At the outset it should be emphasized that Euptelea has an unusual floral biology among Ranunculales. The flowers have a wind-pollination syndrome, including lack of perianth, elongate anthers concomitant with a long connective protrusion, and carpels with a relatively large stigma with long papillae (Endress, 1969, 1986). The flowers are difficult to compare with those of other Ranunculales, because a wind-pollination syndrome is otherwise very rare in Ranunculales. Relatively similar, wind-pollinated flowers are only known from Macleaya and Bocconia (Papaveraceae) and some Thalictrum species (Ranunculaceae) (see fig. 6 in Endress, 2002). However, both groups, Macleaya/Bocconia and Thalictrum are not related to Euptelea, since they are both deeply nested in their respective families. Their similarity is to be interpreted as the result of convergent evolution based on a similar bauplan.
Comparison with Papaveraceae
Flowers of Papaveraceae are different from those of Eupteleaceae in having basically dimerous flowers (Karrer, 1991). Except for some derived genera the gynoecium has two carpels, and these are always completely united. A perianth is always present in Papaveraceae, although in the wind-pollinated Bocconia and Macleaya petals have been lost. Floral phyllotaxis is whorled. Only in derived groups with an increased number of stamens may stamen phyllotaxis be slightly irregular. If disymmetry in flowers of Papaveraceae is pronounced, this is caused by the formation of two spurs (Fumarioideae) or the strong dorsal development of the two carpels, such as in Macleaya (Papaveroideae s.l.), in which the fruit has two wings, whereas in Euptelea the pronounced disymmetry is not related to the gynoecium. Winged fruits as in Euptelea are only present in Macleaya (but not based on single carpels). Early floral monosymmetry or asymmetry is not known from Papaveraceae (monosymmetry in Fumarioideae is not median, and thus different from the early median monosymmetry in Euptelea). The presence of a long temporal gap between the initiation of the androecium and gynoecium in Euptelea is unusual and not present in Papaveraceae (Karrer, 1991). The presence of an I-shaped stomium in the thecae and a long connective appendage as in Euptelea is not known from Papaveraceae.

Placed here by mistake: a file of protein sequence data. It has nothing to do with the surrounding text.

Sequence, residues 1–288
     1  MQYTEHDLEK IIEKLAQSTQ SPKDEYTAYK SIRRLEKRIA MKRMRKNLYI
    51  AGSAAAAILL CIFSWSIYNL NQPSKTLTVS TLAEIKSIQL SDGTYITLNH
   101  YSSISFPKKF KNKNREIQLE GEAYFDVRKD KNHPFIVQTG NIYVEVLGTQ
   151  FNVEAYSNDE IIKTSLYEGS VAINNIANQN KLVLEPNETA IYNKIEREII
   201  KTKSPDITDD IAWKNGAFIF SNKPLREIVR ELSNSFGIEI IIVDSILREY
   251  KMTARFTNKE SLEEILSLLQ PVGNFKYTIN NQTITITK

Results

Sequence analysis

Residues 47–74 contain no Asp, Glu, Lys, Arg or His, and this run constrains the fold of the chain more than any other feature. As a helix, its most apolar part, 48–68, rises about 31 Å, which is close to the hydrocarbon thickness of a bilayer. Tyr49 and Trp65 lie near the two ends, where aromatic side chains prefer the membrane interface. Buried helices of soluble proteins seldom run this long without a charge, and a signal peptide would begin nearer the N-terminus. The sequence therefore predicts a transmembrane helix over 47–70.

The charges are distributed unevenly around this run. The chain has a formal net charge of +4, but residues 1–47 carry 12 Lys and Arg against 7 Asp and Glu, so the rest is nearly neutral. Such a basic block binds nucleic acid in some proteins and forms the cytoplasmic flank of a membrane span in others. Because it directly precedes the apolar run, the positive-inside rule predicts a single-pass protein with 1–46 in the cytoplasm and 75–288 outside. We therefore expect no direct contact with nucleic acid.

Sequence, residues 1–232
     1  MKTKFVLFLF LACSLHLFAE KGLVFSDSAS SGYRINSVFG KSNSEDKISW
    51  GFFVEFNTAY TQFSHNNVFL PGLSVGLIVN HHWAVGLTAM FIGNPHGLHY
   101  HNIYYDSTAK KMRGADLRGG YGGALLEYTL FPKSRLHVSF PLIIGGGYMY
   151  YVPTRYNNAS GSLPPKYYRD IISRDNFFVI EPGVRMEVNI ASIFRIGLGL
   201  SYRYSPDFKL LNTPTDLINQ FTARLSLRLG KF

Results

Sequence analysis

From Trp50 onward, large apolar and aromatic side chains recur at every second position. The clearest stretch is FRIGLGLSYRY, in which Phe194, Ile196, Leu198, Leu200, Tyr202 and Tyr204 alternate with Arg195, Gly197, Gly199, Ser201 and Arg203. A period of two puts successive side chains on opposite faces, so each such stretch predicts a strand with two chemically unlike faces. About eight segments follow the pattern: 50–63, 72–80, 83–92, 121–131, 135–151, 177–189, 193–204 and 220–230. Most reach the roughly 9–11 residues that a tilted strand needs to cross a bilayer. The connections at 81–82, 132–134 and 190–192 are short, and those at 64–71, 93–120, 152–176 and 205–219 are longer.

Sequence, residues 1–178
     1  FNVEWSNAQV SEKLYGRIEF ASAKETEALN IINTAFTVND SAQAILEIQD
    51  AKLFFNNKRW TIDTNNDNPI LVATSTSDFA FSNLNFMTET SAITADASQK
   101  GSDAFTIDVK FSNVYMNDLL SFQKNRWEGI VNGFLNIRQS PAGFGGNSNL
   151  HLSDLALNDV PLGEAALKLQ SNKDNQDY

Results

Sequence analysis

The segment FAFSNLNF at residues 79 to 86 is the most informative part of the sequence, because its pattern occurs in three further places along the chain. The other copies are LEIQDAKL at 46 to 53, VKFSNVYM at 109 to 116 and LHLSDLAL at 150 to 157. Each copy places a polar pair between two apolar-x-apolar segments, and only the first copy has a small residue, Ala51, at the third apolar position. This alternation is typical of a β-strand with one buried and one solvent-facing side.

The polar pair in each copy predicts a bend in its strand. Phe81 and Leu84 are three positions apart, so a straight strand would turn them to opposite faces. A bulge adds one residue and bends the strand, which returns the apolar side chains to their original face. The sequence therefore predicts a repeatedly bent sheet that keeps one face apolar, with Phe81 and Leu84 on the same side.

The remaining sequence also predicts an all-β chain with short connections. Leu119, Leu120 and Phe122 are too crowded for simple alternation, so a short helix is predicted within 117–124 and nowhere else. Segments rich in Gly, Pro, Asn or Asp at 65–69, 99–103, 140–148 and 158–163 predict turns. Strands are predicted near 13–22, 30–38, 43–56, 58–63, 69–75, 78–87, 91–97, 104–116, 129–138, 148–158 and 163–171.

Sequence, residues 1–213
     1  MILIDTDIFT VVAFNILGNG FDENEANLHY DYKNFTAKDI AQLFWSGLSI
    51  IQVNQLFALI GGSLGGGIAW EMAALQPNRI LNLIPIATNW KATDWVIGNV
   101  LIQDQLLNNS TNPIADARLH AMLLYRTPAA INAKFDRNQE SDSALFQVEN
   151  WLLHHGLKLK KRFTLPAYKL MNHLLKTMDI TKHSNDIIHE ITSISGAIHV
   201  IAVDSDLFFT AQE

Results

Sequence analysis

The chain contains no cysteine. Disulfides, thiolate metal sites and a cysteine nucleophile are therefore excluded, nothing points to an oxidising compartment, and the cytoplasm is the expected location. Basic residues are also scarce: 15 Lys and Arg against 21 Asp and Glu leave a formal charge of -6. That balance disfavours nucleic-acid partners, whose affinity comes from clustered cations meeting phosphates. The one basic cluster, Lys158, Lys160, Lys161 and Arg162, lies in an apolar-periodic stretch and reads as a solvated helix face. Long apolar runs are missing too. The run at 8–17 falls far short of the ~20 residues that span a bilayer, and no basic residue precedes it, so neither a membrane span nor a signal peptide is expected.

Comparison with core Ranunculales